Just another point here.
nn.Module is actually a OO wrapper around the functional interface, that contains a number of utility methods, like
parameters(), and it automatically creates the parameters of the modules for you.
you can use the functional interface whenever you want, but that requires you to define the weights by hand. Here is an example https://github.com/szagoruyko/wide-residual-networks/tree/master/pytorch
Just another point here.
Thanks Miguelvr, I get your points.
nn. Dropout is exactly the layers needed to be added into the neural networks, while functional.dropout will not behave differents in train and eval. mode.
Thansk for the explanation.
It seems using exsiting nn. modules is better choice for building networks while nn.functional are basic building blocks of those layers.
If some custom layers need be defined, then nn.functional may be used.
@Harry_Zhi You can have the functional
Dropout be aware of training/eval mode with
@mratsim, Your comment is very important one.
Would it b correct to say that if you don’t need your layer parameters to be optimized, define them using the Functional Class?
Yeah, that can be done manually as well.
For things that do not change between training/eval like sigmoid, relu, tanh, I think it makes sense to use functional; for others like dropout, I think it’s better to not use functional and use the module instead such that you get the expected behavior when calling model.eval() or model.train()
Assuming nn.dropout2d is always a better choice as compared to F.dropout, if we want to use dropout in a usual way (things change between training/eval).
Is there a situation when F.dropout is preferred over nn.dropout2d.
In Tacotron 2 dropout is used in the decoder input during training and inference. This is one example where one can use F.dropout, assuming it has the same behavior on model.train() and model.eval().
I’m assuming from pytorch’s dropout API
torch.nn.functional.dropout(input, p=0.5, training=False, inplace=False), that it doesn’t automatically change if one calls net.train() and net.eval() with functional dropout inside the model.
I would be good to have one of the pytorch devs commenting on this, for example @apaszke.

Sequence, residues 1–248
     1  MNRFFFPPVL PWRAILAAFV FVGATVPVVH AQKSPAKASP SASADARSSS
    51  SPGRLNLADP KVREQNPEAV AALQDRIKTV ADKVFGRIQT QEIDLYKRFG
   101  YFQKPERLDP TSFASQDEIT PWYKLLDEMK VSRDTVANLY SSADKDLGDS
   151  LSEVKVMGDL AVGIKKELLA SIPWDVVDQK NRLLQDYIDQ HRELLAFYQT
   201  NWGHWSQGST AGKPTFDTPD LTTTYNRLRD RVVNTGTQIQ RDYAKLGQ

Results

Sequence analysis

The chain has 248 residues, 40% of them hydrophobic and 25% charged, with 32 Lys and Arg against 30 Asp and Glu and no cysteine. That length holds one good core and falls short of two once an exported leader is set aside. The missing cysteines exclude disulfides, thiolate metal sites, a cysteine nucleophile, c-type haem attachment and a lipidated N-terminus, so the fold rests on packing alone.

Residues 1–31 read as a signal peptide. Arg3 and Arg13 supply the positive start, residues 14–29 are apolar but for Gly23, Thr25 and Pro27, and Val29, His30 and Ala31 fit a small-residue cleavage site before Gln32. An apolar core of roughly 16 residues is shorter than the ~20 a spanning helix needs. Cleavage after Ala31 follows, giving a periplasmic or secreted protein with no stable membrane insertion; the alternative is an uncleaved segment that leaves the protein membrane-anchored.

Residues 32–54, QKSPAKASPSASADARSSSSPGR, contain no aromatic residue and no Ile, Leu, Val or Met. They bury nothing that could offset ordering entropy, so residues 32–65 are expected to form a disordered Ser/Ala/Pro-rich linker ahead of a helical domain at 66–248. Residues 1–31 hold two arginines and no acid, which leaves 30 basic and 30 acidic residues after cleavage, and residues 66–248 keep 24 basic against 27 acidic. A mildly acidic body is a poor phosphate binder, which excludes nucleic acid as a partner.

You can use the functional API and have it work with train/eval mode by doing this:
def forward(self, x): y = ... return F.dropout(y, training=self.training)
However, as the usual advice goes, I think it’s clearer to use modules for stateful function (in this case dropout can be considered stateful, because of this flag), and functional for everything else.
Performance wise, is there any preference between the 2?
Unhan…You did not give the “dropout rate”…
Module module of PyTorch is built on top of functional so there is a bit more overhead but it is completely dwarfed by the time spent on computing linear, convolutions, RNNs and other layers. (We’re speaking into seconds vs minutes/hours/days here)
“There is a dropout layer missed” not because you used nn.functional in forward, but because you commented out the nn.Dropout in int
If you uncomment that in init, the Dropout Layer still appears in print(model), even if in forward you used F.dropout
In Pytorch, print(model) gives whatever defined in init, not used in forward.
I was having a lot of confusion on this as well. Although the nn.modules layers give us the .train() and .eval() flexibilities, but if we initialize an activation or pooling operation as layer having its weight, then I would like to know that how giving parameters to these operations help in achieving the goal for which we have the model for?
This question is bumping in my mind a lot and I would like to end it once and for all so please help.
I’m not sure, what you mean by “giving parameters to there operations” exactly.
If you are not sure about whether to use an
nn.Module or the functional API, have a look at this longer post, where I describe my personal point of view.
Thanks for the reply,
I was assuming that nn wrapper on any operation makes the operation trainable like nn.Conv. But from the post you shared I think that in operations like maxpooling or avgpooling training these operations is not possible since they don’t have any parameters even if they are wrapped by nn class. Sorry, I messed up my basics.
Thanks for the reply.
Check this out,solution to this issue was clearly mentioned.
Reading through this thread I saw confusion across multiple posts about when to use,
nn.F. This is what people reading through this read should read twice:
torch.nn is stateful.
torch.nn.Functional is stateless. You have to initialize the
torch.nn modules so that the state can be tracked (not sure if tracked is the correct term).
Dropout is generally considered stateful while functions like ReLU are stateless - as it does not have weights, etc to update/keep track of. If I am wrong in any manner someone please chime in.
torch.nn module is more used for methods which have learnable parameters.
and functional for methods which do not have learnable parameters
Also check here, python - Pytorch: nn.Dropout vs. F.dropout - Stack Overflow